Robert Peston

The real reason Britain failed on coronavirus

The real reason Britain failed on coronavirus
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The joint health and science super-committee's report into 'lessons learned' on the UK's coronavirus response may not want to 'point fingers of blame' for the grotesque failures, but my goodness it leaves the reader angry and upset.

It confirms so much that we knew anyway, namely:

1) The early consensus among ministers, officials and scientists was that 'herd immunity by infection was the inevitable outcome'.

2) That this led to lockdown being delayed, at a cost of thousands of lives.

3) That there was a 'serious early error in adopting this fatalistic approach and not considering a more emphatic and rigorous approach to stopping the spread of the virus as adopted by many East and South East Asian countries'.

4) That there was 'groupthink' among official scientific advisers and the government which meant 'we were not as open to approaches being taken elsewhere as we should have been'.

To be clear, the success of countries like Taiwan, South Korea, Singapore and China in limiting the spread of the virus through strict isolation of those infected and prohibitions on travel was conspicuous as early as February 2020.

The approach was rejected by ministers, scientists and officials as simply not the British way.

For the avoidance of doubt – and before I move on – this 'Whitehall and Britain knows best' culture remains a cancer in the system, contingency planning against future risks is lamentably poor, and is a reason why the current response to the energy spikes and supply chain breakdown has been so chaotic. Rightly the MPs on the committee, chaired by former Tory ministers Jeremy Hunt and Greg Clark, highlight the 'serious mistake' of stopping testing for the virus in the community just as cases were really taking off, in March 2020.

And it is almost a bad joke that the UK was one of the first countries in the world to develop a reliable test for Covid-19 but then 'failed to translate that scientific leadership into operational success in establishing an effective test and trace system during the first year of the pandemic'.

The committee says 'vast quantities of taxpayers' money' was directed at NHS Test and Trace, but its performance was 'slow, uncertain and often chaotic'.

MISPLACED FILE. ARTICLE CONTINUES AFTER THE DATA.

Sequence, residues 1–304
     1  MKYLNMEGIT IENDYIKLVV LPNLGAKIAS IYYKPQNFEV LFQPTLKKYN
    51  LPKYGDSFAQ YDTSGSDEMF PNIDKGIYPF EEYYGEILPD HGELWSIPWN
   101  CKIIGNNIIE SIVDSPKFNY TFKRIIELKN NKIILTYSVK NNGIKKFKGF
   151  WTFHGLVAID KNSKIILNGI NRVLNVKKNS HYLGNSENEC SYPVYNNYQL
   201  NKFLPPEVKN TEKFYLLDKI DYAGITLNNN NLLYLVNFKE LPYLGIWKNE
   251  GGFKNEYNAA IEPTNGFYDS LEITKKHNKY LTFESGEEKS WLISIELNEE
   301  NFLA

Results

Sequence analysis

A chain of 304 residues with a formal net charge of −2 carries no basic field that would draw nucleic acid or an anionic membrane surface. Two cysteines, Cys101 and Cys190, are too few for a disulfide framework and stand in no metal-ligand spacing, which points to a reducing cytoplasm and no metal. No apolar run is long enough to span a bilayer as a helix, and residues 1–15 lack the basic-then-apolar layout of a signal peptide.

It took far too long – 'the best part of a year' – for the government to acknowledge that 'the optimal structure for test and trace is one that is locally driven with the ability to draw on central surge capacity'.

The section on 'the many thousands of deaths which could have been avoided' in care homes will probably make your blood boil.

The MPs identify a 'lack of priority attached to social care in the initial phase of the pandemic' – that is negligence in the care of the most vulnerable people in our communities – which was 'illustrative of a longstanding failure to afford social care the same attention as the NHS'.

They cite 'the rapid discharge of people from hospitals into care homes without adequate testing or rigorous isolation' as a mistake which other countries – notably Germany and Hong Kong – did not make.

This combination of this negligence and failure to learn from abroad is a consistent and depressing theme. All that said, the development, procurement and roll out of vaccines is an important success, as is the Recovery trial that identified Dexamethasone as an effective treatment and Hydrochloroquine as an ineffective one.

But we are doomed to mediocrity as a nation if we refuse to learn from what we got wrong.

That wouldn't be far enough away from the monkeys and typewriters approach to writing Shakespeare, the infinite monkey theorem route to greatness. And there's another thing: our national psychology therapy on the Covid-19 debacle will only be half complete if we simply point to flaws in the system.

Boris Johnson's promised public inquiry must be about individuals taking responsibility for what went wrong.

This is not about vindictive blame. It is about cultural renewal, that can only take place when we properly understand who did what, why and when.

The part of the report that is most upsetting relates to the grotesque racial and social inequalities that the pandemic exacerbated.

MPs highlighted the 'increased exposure to Covid as a result of people's housing and working conditions'.

And what made me wince with vicarious shame was this: 

'We also hear that black, Asian and minority ethnic staff in the NHS, who are underrepresented in leadership and management roles, faced greater difficulty in accessing the appropriate and usable Personal Protective Equipment'.

There is an urgent need, say MPs, 'to address the working conditions which have put staff from black, Asian and minority ethnic communities at greater risk'. Quite. They also shine a light on the 'disproportionately high mortality rates that people with disabilities and autistic people have suffered – because of inadequate access to care, and 'because access restrictions which prevented family members and other carers accompanying people with learning disabilities in hospital to perform their expected advocacy role'.

The appalling consequence – and I choose my words forensically – was that ''do not attempt CPR' notices were issued inappropriately for some people with learning disabilities'.

To put it another way, vulnerable people died for the want of someone who loved them at their bedside to champion and protect them.

Never again. Please.